Coronavirus strikes care center, county death toll nearly doubles in one week

The local death toll of coronavirus nearly doubled in the past week – to 17 – as eight San Juan County deaths were reported due to the effects of COVID-19.

The largest caseload is due to an outbreak among the staff and the highly vulnerable residents at the Four Corners Regional Care Center in Blanding.

As of July 12, a total of 33 residents and 17 workers at the facility had tested positive for the COVID-19 virus.

Three care center residents, all men over the age of 80, passed away, including one on July 10 and two on July 11.

Additional fatalities in the past week include a male in his 50s from the Monument Valley area and a male in his 60s from the Blanding area.

San Juan Public Health Director Kirk Benge reports that three of the newly reported fatalities passed away earlier and were only recently verified as being due to or influenced by coronavirus.

They include a female over the age of 85 from the Monument Valley area who passed away in May, a male between 65 and 84 from the Montezuma Creek area who passed away in June, and a female between 65 and 84 from the Monument Valley area who passed away in July.

All three of these prior cases were hospitalized out of state when they passed away.

The San Juan County victims of COVID-19 include 12 men and five women. All have been over the age of 50.

The total number of county residents who have tested positive for the virus jumped by 65 in the past week, to 481. With more than three percent of the entire county population testing positive, San Juan County has one of the highest coronavirus case rates in the United States.

Of the 481 positive cases, 377 patients are considered recovered.

There are 87 active cases in the county, including 40 in the Blanding area, 20 in the Monument Valley area, 12 in the Montezuma Creek area, nine in the Monticello area, and six in the Bluff area.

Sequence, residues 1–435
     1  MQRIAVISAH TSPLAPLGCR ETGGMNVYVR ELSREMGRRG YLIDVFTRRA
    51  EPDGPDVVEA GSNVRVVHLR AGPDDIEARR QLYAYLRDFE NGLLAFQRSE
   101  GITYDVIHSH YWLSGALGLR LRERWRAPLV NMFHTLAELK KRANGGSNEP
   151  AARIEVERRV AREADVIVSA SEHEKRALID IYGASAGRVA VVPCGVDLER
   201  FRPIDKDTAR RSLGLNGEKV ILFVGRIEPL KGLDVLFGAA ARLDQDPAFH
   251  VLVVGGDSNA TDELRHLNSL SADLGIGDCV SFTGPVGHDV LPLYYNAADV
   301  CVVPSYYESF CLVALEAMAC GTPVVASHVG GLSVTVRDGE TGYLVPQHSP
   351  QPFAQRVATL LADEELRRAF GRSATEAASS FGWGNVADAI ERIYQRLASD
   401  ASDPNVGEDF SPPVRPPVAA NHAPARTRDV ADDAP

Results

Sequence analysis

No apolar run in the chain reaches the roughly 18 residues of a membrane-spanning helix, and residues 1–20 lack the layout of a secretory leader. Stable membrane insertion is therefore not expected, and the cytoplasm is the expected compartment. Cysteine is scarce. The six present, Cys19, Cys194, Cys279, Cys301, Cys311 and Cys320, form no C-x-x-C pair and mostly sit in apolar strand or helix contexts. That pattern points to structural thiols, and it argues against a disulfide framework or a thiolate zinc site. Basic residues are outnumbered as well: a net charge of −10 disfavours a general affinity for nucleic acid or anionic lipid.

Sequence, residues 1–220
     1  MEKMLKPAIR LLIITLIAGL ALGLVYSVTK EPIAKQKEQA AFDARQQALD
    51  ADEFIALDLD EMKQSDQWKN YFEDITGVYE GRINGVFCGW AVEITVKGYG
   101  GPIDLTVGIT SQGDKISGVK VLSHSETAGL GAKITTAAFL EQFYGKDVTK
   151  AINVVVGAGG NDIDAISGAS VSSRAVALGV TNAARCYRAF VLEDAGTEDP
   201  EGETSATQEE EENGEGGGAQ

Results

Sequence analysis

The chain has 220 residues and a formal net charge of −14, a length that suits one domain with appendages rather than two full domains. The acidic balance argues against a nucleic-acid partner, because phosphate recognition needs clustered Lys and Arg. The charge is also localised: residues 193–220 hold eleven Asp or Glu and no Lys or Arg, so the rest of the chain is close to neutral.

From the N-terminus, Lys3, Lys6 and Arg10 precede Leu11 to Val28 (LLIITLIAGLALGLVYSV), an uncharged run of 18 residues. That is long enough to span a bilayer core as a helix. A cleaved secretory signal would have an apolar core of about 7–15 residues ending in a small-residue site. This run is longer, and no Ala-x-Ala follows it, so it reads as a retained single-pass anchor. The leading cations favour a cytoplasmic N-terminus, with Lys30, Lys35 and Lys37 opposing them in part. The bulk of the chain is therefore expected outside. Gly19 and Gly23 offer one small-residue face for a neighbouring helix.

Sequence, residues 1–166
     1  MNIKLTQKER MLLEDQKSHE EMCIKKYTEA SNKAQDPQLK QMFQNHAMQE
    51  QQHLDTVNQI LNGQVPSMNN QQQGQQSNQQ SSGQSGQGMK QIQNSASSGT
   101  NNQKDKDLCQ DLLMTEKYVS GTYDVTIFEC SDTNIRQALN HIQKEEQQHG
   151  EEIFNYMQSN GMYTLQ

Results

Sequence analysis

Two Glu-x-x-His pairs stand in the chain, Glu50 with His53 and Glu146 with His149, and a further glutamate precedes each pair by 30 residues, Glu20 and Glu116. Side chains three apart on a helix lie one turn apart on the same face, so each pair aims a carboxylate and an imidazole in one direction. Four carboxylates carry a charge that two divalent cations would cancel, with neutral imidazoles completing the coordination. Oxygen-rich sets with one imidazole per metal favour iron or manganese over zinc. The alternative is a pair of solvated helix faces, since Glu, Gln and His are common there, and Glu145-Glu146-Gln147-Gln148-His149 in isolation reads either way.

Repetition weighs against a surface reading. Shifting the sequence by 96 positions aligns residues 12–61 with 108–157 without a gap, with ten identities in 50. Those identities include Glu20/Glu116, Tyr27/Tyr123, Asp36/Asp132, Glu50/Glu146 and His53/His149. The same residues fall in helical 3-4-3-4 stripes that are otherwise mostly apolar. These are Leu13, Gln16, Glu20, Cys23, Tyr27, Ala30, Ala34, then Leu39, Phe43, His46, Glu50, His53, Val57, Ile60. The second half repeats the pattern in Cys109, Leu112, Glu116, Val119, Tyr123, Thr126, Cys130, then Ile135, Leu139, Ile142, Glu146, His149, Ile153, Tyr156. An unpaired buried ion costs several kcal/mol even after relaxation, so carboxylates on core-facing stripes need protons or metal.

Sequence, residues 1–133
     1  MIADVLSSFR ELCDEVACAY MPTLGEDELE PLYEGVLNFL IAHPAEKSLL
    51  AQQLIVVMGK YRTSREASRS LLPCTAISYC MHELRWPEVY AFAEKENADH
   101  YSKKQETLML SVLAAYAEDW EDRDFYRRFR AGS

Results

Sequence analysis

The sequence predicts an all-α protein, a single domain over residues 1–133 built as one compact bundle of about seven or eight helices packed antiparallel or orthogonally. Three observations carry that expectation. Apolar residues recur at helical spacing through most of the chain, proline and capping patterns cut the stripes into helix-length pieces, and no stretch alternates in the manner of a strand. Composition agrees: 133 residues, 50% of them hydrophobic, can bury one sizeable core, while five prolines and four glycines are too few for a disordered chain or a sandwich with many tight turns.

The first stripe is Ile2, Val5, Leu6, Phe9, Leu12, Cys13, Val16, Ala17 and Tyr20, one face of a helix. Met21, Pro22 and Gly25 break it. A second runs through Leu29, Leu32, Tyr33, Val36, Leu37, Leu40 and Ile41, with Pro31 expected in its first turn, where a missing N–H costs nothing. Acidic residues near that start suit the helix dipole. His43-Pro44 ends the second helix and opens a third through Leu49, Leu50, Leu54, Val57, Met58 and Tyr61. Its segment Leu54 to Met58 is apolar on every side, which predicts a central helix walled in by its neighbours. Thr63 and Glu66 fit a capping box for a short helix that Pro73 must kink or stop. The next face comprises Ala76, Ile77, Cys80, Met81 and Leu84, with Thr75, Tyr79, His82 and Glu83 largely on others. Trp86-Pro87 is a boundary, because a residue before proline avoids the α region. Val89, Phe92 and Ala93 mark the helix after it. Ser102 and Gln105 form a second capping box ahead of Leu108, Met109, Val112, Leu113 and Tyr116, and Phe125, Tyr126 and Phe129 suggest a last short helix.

The Four Corners Regional Care Center generally has about 50 residents and 60 employees.

The virus spread rapidly through the facility, with the number of positive tests among residents increasing from one on June 28 to 50 in a matter of days.

Despite aggressive efforts to stop the spread of the virus, it spread throughout the facility.

All residents and staff have been tested for COVID-19 and have received the results.

A secure wing of the facility has been designated to care for and treat residents who have tested positive. It is separate from the rest of the building and residents.

In addition, the Care Center reports that staff and essential medical personnel are fully outfitted with personal protective equipment (PPE), as needed.

The Care Center reports that “most residents who have tested positive have mild symptoms or are asymptomatic.”

The staff members who work at the facility and who have tested positive are quarantining in their own homes.

The Care Center continues to work closely with the Utah Department of Health and the Bureau of Epidemiology and said they follow all the recommended protocols regarding the treatment, care, and safety of all residents and staff.

The Care Center reports they have been “verbally contacting all residents, resident families, POAs, and staff” to inform them of the positive tests.

The facility has been on restricted access since March 13, 2020 and continues to prohibit visitors. Only essential staff and medical personnel who pass a medical screening are allowed in the facility. No visitors have entered the facility since that date.

The northern portion of the county is in a yellow advisory status, while the Navajo Nation portion of the county continues in red status.

San Juan Record

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